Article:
Bioenergy: Carbon accounting

Not all biomass is created equal

Establishing a solid policy framework for addressing greenhouse gas emissions from bioenergy will help reduce U.S. GHGs over the coming decades. Unlike fossil fuels, bioenergy has the potential to dramatically alter the cycle of carbon sequestration and emissions that naturally occurs in a landscape.

Harvesting biomass removes carbon that has been stored in farm and forest land, but growing biomass may recapture carbon to varying degrees over time. What's lacking is a thorough framework based on the science of carbon cycling to ensure that reliance on biomass resources for energy generation achieves greenhouse gas and climate goals.

The EPA is developing a set of carbon accounting rules for bioenergy. In a letter to the agency, EDF documented how some forms of bioenergy can reduce greenhouse gas pollution when compared with fossil fuels — but other forms will not.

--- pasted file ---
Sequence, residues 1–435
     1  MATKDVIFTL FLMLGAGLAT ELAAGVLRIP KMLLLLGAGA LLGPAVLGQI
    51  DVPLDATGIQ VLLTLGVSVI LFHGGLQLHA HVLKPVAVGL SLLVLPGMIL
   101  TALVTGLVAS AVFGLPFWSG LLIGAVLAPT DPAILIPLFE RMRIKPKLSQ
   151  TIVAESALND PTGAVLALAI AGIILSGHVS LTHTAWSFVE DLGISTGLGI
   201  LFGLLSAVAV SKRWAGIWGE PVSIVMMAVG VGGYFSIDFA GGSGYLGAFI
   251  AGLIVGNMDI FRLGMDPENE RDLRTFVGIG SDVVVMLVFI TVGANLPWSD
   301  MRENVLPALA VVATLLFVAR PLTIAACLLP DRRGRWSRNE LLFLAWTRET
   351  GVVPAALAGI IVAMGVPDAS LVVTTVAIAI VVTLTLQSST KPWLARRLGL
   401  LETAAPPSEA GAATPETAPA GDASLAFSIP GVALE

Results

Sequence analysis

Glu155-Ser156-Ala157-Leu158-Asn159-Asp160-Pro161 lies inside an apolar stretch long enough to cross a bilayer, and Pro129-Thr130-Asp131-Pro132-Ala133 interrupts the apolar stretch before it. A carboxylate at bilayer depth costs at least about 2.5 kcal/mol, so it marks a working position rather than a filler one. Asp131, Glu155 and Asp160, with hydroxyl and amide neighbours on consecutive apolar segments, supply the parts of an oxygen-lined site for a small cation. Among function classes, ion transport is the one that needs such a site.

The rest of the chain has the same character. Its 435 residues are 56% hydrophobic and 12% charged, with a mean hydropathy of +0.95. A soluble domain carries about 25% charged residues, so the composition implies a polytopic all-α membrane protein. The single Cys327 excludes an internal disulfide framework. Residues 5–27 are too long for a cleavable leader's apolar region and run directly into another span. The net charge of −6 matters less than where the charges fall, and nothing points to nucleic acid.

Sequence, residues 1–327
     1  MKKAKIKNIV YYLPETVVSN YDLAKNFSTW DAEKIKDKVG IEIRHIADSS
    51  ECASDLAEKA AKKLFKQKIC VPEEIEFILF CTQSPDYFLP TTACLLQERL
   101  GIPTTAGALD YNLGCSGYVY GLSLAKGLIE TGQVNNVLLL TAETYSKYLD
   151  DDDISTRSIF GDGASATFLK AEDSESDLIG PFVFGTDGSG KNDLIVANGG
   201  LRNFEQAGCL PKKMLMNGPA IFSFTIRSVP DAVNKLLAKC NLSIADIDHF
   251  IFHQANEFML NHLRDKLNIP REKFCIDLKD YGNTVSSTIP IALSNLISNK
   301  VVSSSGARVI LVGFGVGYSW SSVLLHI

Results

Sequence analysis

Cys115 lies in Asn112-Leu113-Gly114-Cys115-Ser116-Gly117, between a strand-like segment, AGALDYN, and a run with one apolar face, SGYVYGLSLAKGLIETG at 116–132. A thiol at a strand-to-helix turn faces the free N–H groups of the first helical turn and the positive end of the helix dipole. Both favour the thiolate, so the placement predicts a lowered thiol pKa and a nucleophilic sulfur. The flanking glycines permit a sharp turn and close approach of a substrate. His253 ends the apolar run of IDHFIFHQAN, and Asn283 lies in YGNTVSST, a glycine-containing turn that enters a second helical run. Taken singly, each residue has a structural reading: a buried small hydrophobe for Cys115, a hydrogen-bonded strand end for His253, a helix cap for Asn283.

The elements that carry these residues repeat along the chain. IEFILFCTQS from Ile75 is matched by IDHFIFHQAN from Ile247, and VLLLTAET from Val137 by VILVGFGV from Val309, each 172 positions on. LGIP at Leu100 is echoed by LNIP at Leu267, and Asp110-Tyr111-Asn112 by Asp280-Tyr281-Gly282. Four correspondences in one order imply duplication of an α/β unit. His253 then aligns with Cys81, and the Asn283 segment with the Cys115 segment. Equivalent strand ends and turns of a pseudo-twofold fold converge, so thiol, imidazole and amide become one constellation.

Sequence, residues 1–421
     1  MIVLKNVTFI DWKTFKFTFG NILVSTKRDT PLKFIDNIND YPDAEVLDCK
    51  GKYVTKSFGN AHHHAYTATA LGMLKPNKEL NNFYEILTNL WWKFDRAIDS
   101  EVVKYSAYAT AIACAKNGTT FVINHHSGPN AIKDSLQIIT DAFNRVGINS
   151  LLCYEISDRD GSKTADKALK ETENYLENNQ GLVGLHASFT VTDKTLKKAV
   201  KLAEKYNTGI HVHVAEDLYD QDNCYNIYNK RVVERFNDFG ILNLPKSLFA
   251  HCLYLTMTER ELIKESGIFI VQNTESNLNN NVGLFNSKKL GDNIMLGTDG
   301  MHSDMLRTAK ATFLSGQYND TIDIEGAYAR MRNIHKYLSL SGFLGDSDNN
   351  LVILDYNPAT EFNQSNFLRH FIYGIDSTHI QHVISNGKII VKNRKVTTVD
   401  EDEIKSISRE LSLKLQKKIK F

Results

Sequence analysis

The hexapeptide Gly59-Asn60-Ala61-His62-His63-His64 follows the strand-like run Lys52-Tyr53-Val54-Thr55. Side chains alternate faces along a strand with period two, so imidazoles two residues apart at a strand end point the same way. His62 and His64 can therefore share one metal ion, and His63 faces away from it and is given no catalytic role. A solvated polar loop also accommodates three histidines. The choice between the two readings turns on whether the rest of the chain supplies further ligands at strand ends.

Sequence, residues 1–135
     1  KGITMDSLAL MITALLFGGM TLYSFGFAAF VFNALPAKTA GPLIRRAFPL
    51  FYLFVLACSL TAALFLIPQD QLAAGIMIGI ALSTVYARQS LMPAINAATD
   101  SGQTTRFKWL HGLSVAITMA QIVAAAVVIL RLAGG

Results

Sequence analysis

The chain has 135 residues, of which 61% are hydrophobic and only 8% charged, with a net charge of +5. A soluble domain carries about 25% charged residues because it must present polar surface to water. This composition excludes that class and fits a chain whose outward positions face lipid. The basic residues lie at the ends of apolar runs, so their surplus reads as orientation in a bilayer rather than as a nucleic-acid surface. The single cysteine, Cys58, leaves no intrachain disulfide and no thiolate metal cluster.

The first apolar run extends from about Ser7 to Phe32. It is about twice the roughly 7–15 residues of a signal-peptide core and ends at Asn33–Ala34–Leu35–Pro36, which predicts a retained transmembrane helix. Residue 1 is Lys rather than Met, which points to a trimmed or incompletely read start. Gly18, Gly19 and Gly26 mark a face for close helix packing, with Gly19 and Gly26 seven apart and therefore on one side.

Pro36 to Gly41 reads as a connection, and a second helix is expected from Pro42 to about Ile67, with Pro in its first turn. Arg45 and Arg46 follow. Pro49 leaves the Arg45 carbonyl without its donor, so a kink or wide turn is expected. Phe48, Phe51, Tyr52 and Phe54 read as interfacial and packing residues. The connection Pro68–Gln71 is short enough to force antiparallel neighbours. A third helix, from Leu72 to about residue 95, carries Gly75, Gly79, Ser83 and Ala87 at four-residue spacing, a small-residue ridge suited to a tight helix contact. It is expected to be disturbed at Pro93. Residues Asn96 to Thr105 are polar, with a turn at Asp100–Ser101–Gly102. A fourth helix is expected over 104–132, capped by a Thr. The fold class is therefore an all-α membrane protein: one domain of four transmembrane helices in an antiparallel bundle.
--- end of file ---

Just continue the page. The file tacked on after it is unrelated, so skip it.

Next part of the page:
Impacts vary greatly depending on many factors, including the feedstock source, type and production practices.

For example, paper mill residue and logging debris decompose rapidly and burning creates short-lived or no net climate impacts. On the other hand, mature forests store carbon for a long time, and harvesting this biomass source to generate energy will reduce carbon storage and increase greenhouse gas pollution.

Carbon accounting, based on sound science, will encourage the use of bioenergy that will reduce greenhouse gas emissions, not increase them — and will preserve the Earth’s biodiversity.

Our bioenergy experts


Ruben Lubowski Chief Natural Resource Economist Contact Ruben

Will McDow Manager, Southeast Center for Conservation Incentives Contact Will

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